Memorizing Portuguese Verbs
I listed out about half of the 201 Portuguese verbs from my book in three columns on a pad of paper. I started memorizing the verbs that end with -ar, placing them in a field at Golden Gate Park in San Francisco. Here are some examples of how I’m doing it:
- acabar / to finish— a cab driver finishes washing his cab.
- assustar / to frighten — one reason that I made my number system strictly phonetic is because I can now use those images for anything phonetic. In my system 020 is the sound “SUS” and the image is Zeus. There is a strong association between “SUS” and Zeus. So assustar is Zeus jumping out of some bushes at the edge of the field yelling “boo!” with a lightning bolt in one hand and a leaking barrel of tar in the other. Ridiculous, but it works.
- aconselhar / to advise — I took an image of my college advisor, and made him a camp counselor.
- adivinhar / to guess — I took my soothsayer image (024) and gave him a divining rod. He is guessing where the water is.
- almoçar / to eat lunch — the image is Elmo with a lunchbox at an imaginary picnic table that I added to the scene.
- apagar / to put out, erase, extinguish — this is Elmo extinguishing a candle on the picnic table with a dollar bill.
- apanhar / to catch — I placed an imaginary stream through the middle of the park and someone is catching fish with a pan in the stream.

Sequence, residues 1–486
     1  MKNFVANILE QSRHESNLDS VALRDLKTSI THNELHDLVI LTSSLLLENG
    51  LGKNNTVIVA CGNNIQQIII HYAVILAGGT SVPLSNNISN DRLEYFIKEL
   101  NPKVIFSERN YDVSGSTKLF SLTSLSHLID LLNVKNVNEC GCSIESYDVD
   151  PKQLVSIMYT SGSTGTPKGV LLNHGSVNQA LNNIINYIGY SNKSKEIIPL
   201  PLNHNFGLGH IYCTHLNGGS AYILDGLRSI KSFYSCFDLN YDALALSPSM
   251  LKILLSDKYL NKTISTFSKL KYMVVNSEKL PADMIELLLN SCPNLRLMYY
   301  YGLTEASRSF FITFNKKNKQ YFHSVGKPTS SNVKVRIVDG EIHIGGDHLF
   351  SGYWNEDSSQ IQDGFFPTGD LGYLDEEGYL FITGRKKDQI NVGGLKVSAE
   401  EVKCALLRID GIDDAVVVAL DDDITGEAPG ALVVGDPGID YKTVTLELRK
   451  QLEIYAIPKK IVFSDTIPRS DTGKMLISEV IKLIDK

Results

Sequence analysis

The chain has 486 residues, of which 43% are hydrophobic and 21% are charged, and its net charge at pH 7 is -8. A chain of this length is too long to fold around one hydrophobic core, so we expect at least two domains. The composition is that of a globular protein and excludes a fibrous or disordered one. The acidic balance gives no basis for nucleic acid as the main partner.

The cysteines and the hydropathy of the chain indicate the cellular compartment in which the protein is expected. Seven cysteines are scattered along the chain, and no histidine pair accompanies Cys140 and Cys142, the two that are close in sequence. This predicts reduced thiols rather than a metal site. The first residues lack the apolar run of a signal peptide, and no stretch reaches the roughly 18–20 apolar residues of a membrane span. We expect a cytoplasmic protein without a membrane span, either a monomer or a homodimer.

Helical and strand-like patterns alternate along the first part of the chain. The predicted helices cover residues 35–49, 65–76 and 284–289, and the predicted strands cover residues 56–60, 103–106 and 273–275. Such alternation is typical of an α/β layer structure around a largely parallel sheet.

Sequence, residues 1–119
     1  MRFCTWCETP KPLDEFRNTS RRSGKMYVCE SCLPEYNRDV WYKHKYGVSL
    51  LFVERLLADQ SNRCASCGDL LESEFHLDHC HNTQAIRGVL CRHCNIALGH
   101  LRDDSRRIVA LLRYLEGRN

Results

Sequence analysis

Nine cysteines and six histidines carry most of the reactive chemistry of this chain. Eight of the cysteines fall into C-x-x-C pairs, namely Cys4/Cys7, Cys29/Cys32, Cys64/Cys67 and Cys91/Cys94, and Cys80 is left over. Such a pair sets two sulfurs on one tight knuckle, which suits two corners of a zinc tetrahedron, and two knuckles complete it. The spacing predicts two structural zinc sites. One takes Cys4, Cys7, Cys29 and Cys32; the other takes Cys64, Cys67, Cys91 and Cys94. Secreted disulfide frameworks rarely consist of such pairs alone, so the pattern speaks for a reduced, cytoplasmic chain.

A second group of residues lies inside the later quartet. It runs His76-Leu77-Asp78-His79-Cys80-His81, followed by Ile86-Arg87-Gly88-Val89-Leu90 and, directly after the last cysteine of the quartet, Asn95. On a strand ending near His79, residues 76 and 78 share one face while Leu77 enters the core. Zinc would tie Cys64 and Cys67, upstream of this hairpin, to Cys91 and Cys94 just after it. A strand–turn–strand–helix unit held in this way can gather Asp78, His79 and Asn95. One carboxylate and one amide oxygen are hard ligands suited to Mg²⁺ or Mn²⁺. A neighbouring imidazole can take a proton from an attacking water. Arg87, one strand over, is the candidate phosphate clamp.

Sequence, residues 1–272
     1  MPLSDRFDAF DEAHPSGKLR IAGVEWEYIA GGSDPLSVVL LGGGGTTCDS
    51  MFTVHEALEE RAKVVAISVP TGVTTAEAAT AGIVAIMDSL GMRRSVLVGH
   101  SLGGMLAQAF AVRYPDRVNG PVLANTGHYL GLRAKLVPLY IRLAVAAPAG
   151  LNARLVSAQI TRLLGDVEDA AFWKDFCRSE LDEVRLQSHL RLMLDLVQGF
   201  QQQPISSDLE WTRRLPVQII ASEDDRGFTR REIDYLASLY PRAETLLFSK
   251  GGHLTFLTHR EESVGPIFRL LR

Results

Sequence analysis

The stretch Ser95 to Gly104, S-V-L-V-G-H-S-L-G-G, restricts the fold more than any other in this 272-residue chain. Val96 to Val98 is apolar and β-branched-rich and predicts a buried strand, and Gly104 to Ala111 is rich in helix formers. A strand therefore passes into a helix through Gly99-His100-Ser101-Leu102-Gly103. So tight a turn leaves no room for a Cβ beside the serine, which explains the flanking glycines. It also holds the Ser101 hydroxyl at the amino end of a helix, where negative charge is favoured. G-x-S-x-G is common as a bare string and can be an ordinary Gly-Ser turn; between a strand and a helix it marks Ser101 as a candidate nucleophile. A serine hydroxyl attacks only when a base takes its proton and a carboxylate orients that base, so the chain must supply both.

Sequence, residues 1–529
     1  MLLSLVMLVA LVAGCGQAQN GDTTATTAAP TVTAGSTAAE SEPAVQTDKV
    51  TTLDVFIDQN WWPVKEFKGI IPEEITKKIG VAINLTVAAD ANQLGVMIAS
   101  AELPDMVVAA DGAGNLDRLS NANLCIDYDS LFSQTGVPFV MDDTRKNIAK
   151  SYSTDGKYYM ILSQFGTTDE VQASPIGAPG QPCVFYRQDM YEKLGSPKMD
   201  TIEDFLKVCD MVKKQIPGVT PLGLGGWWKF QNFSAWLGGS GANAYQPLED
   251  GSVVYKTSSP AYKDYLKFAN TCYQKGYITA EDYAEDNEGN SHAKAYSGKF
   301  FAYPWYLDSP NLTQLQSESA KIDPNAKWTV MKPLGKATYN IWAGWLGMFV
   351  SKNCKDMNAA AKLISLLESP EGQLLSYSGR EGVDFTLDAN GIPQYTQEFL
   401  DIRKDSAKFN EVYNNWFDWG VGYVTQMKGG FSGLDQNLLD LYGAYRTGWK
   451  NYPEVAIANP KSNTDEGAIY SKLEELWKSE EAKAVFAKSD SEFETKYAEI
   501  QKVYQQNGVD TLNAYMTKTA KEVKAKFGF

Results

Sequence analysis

- barbear / to shave — first I made this an image of a barber shaving someone in a chair, but then I decided to reinforce the image by making it a giant Barbie doll shaving someone in a chair.
- alugar / to rent — this is someone with a luger firing at a “for rent” sign in front of a house. It’s easy to remember that it’s alugar and not aluger because of all the verbs in this park end with -ar.
- aproveitar-se / to take advantage of — I took the part the word that sounds like “approve,” which I associate with approving for a credit card. Then I attached that to an image of a con artist who kept trying to scam me in Athens last summer. The final image is the con artist trying to approve me for a credit card.
- appressar-se / to hurry — this is an image of a woman who is pressing sheets very quickly. I don’t have an image to indicate verbs ending in -se, but when I finish creating a more comprehensive memory system for phonetic sounds, I will have a specific image for the sound -se.
The list above contains just a few examples, but gives a general idea…